Cases jump Dr Ronan Glynn warns there's a short window to turn around Covid-19 infection spike
The deputy chief medical officer said Nphet was ‘concerned’ about a recent upturn in Covid-19 case numbers.
Ireland only has a short time to turn around a recent upturn in infection figures, the deputy chief medical officer has warned.
The country is due to emerge from level five lockdown at the start of December.
The aim of the six-week restrictions was to push Ireland’s infection rate below 100 cases a day.
On Monday, 456 new cases were confirmed, with the five-day rolling average of infections above 400 and continuing to rise.
Another five deaths were announced on Monday.
Dr Ronan Glynn said members of the National Public Health Emergency Team were concerned with the figures in recent days.
“Unfortunately the very positive trajectory that we have been reporting in recent weeks has at best stalled and, in fact, according to a number of indicators, is now deteriorating,” he said.
“And we really have a short period of time in which to turn this around. And we’ve two weeks to go before December 1.”
Outbreaks linked to funerals and workplaces have been cited as contributory factors in the recent increase in cases.
Dr Glynn said a potential link to social activities around Halloween could not be ruled out.
The deputy chief medical officer expressed concern that people were becoming overly fixated on what restrictions would be in place at Christmas.
He said this was distracting the focus from the need to comply with public health rules in the here and now.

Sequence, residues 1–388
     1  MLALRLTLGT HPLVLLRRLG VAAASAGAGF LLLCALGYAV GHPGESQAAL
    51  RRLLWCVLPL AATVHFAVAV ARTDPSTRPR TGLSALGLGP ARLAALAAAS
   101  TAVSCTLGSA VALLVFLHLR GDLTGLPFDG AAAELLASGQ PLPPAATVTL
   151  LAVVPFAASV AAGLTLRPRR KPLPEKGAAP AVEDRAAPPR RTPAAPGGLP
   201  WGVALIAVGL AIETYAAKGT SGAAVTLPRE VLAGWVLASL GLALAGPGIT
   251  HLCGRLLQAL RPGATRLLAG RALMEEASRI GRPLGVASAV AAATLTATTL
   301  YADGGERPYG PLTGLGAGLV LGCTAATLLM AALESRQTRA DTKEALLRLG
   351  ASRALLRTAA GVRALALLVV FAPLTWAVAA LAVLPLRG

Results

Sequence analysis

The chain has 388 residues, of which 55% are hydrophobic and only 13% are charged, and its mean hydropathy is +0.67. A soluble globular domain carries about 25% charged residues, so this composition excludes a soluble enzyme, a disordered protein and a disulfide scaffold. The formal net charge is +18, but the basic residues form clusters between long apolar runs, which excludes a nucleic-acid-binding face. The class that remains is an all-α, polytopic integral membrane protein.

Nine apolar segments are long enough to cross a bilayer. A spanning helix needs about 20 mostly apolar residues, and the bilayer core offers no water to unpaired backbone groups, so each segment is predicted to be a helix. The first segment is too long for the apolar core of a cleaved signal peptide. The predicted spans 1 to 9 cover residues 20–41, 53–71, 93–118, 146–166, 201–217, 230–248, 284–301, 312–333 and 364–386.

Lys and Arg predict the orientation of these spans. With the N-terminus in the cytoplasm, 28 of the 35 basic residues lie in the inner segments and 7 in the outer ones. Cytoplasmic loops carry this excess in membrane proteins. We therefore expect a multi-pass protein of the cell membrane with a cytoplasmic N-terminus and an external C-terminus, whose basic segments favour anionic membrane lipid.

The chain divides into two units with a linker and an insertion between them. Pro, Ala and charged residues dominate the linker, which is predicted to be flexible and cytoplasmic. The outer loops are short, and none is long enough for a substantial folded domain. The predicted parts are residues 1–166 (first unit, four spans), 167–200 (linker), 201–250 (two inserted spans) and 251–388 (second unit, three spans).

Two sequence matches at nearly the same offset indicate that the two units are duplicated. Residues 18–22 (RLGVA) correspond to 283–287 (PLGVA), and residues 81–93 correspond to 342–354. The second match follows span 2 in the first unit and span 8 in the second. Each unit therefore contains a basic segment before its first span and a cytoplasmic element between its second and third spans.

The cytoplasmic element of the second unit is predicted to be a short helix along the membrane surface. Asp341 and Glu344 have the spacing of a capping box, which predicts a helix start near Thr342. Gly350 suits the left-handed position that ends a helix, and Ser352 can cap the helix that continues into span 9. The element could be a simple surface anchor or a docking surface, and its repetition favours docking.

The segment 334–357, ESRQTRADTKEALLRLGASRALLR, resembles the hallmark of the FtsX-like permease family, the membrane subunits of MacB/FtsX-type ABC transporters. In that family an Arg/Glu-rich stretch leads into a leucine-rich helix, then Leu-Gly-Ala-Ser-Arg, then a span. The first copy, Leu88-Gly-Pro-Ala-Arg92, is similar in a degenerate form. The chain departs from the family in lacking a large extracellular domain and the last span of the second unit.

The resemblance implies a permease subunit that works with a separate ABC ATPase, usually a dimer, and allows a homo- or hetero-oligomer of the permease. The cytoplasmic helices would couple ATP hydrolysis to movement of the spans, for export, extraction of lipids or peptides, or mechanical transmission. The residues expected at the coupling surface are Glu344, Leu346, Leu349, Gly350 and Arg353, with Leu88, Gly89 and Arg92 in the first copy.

“If we keep focusing on three and four and five weeks’ time, we take our eye off what we need to be doing today,” he said.
He added: “We have no idea of where we will be in two weeks’ time at this point – it could get much better, it could get much worse.
“What dictates that is what people do today, tomorrow, the next day.
“We won’t see the outcome of those interactions for about 10 days.”
Dr Glynn again urged people to comply with the advice against non-essential travel, and not book trips home to Ireland for Christmas.
“If the efforts and the willingness of people to listen to that advice over the duration of the pandemic to date is reflected in what people do at Christmas time, then I’m confident that most people will listen to that advice and for this year will not come home,” he said.
He said recent news about the development of successful vaccines provided cause for hope but he cautioned that it was important to wait on all the data.
He also expressed concern about those actively campaigning against vaccinations with disinformation.
Download the Sunday World app